- The Washington Times - Saturday, January 6, 2007

Common Sense Media, a nonprofit group dedicated to improving the entertainment lives of families, provides reviews of the latest movies from a parenting perspective. For more reviews, click on commonsensemedia.org.

‘Miss Potter’

Rating: PG for brief mild language.

Common Sense Media: On. For ages 10 and older.

*** (out of five stars)

Running time: 92 minutes

Common Sense review: Pleasant and unadventurous, “Miss Potter” offers a fictionalized life of famous “Peter Rabbit” creator Beatrix Potter. In an unusual life path for her time (the early 1900s), she pursues a career as a children’s book author and illustrator — her affection for her creations indicated on-screen by her interactions with their animated forms.

As ducks in bonnets and bunnies in brass buttons wiggle their tails at her or scamper about their pages, they represent Beatrix’s own feelings — most often mild defiance or frustration at her parents’ hopes that she’ll “settle down” by marrying a man within their class.

Beatrix (Renee Zellweger) first appears as a prim young woman eager to publish a small storybook filled with gentle watercolor illustrations — the book that will become “The Tale of Peter Rabbit” (the first of Beatrix’s 23 books).

Believing Beatrix’s book to be an unprofitable oddity, the stuffy brothers who run Frederick Warne & Co. assign the project to their youngest sibling, Norman (Ewan McGregor). He comes at it with an earnest, contagious delight, assuring his client that “we shall give them a bunny book to conjure with.”

Norman and Beatrix go on to “conjure” a series of books, including “The Tale of Two Bad Mice” and “The Tale of Jemima Puddle-Duck.” “Miss Potter” suggests that Norman’s appreciation for Beatrix’s imagination — and his willingness to imagine the animals as her “friends,” as she does — make him a suitable romantic partner.

“We do rather make a good team,” he tells her. Their very proper flirtations are quite charming, as is Beatrix’s enthusiastic friendship with Norman’s sister Amelia.

But even as she enjoys her new relationships, Beatrix must contend with social expectations, as embodied by her generous, mustachioed father, Rupert (Bill Paterson), who tends to give in to the wishes of her sterner mother, Helen (Barbara Flynn).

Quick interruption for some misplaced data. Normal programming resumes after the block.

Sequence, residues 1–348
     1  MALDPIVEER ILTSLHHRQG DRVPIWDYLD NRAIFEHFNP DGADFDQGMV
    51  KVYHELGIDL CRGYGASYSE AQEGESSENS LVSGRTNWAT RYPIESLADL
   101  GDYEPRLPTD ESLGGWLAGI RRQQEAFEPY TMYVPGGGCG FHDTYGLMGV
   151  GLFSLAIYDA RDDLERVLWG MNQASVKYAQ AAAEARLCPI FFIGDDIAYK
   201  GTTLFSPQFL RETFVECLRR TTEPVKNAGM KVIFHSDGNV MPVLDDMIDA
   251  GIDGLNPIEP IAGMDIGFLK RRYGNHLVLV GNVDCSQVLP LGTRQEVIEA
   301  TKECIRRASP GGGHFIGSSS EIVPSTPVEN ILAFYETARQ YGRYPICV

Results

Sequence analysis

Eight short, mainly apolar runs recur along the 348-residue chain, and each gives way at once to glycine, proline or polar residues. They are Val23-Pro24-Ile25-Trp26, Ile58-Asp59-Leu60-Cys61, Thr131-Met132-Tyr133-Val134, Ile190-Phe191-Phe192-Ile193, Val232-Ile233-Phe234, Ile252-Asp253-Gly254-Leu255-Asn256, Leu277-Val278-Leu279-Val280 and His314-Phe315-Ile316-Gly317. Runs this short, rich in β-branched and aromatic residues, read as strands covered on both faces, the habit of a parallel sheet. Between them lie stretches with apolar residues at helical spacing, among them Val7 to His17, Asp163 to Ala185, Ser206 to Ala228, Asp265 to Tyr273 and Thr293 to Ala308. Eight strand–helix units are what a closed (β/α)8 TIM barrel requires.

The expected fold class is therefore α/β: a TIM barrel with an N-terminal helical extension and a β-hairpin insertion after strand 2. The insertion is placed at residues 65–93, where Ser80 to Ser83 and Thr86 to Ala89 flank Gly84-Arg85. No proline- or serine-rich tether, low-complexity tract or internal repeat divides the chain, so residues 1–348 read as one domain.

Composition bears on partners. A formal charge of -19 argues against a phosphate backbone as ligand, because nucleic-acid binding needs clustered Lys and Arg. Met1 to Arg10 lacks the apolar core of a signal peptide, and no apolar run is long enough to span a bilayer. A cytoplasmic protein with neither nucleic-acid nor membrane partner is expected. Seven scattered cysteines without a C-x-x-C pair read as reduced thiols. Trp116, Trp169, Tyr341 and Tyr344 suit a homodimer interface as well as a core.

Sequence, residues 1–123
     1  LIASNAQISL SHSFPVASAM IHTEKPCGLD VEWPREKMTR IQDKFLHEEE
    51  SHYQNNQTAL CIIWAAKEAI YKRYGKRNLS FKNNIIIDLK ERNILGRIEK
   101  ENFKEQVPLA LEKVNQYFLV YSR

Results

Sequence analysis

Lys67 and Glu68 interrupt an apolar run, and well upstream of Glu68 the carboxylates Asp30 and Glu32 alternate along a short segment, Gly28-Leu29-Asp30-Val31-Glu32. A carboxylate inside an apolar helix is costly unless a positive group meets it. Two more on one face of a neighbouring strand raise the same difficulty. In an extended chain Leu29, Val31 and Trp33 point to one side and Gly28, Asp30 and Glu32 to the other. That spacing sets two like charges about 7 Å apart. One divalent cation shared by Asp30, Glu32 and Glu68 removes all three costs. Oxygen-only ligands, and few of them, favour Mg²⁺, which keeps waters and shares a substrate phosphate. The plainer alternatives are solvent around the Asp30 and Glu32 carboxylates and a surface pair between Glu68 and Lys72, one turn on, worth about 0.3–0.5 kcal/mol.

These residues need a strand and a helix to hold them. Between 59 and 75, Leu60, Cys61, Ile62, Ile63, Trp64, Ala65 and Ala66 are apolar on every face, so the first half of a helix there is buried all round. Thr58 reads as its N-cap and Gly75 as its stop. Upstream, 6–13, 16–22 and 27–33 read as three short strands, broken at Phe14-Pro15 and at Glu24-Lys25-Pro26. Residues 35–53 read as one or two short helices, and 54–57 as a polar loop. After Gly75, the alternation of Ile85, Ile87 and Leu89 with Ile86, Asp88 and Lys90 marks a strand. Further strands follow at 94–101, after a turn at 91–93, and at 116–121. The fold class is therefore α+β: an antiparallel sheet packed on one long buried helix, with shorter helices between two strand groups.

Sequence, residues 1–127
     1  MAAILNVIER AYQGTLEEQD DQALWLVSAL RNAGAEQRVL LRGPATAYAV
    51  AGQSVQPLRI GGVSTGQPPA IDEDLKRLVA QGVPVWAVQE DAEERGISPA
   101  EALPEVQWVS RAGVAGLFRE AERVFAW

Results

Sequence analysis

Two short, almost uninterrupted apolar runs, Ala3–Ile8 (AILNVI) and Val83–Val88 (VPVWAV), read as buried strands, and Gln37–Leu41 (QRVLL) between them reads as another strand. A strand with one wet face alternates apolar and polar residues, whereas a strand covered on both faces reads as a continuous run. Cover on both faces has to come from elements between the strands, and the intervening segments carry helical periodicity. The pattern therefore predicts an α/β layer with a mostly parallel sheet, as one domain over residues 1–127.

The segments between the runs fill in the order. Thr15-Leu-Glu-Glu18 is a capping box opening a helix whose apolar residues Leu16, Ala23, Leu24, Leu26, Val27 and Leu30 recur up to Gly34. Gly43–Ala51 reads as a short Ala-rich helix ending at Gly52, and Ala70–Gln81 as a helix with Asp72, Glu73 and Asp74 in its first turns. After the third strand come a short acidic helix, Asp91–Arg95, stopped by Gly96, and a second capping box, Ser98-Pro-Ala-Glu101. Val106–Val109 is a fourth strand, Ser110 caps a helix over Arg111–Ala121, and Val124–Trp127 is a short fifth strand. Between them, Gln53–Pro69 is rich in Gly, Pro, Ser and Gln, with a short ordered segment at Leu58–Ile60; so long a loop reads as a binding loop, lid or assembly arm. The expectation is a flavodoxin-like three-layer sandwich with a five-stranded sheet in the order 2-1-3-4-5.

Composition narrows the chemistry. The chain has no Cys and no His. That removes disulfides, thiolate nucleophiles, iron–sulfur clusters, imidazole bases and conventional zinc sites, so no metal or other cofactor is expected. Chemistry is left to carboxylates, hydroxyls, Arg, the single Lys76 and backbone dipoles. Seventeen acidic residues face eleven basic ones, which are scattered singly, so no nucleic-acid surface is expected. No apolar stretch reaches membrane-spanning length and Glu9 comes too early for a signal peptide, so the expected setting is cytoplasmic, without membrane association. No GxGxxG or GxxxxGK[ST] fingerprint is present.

Common Sense note: Parents need to know that, while this film focuses on “Peter Rabbit” author Beatrix Potter’s career and classic children’s books, it’s really aimed more at adults than children (and the younger set will probably prefer the books).

It deals with some mature themes, including the death of a loved one and disagreements between an adult child and her parents. Beatrix’s mother repeatedly denigrates her desire to paint and tell stories. Parents and child also disagree over Beatrix’s choice for a husband.

When a protagonist dies suddenly, survivors show grief. Some characters drink socially, and one drinks to the point of passing out (this is treated as comedy).

Families can discuss the conflict Beatrix feels between the expectations others have for her (to be a proper wife to a man of her class) and her own ambitions (writing and illustrating books).

How is her dilemma shown in the movie? How do her parents respond differently to her decisions? How does her romance with Norman help “smooth over” the potential abrasiveness of her career ambitions? What effect (if any) do modern opinions about feminism and achievement have on the way the story is told?

Sexual content: Discussion of proper behavior for an unmarried woman; some embarrassed dancing and gentle kissing between the central couple.

Language alert: Mild cursing.

Violence alert: Grief is expressed when a central character dies unexpectedly (the death occurs off-screen).

Social-behavior alert: Characters, for the most part, are well-behaved. That said, Beatrix does resist her parents’ will.

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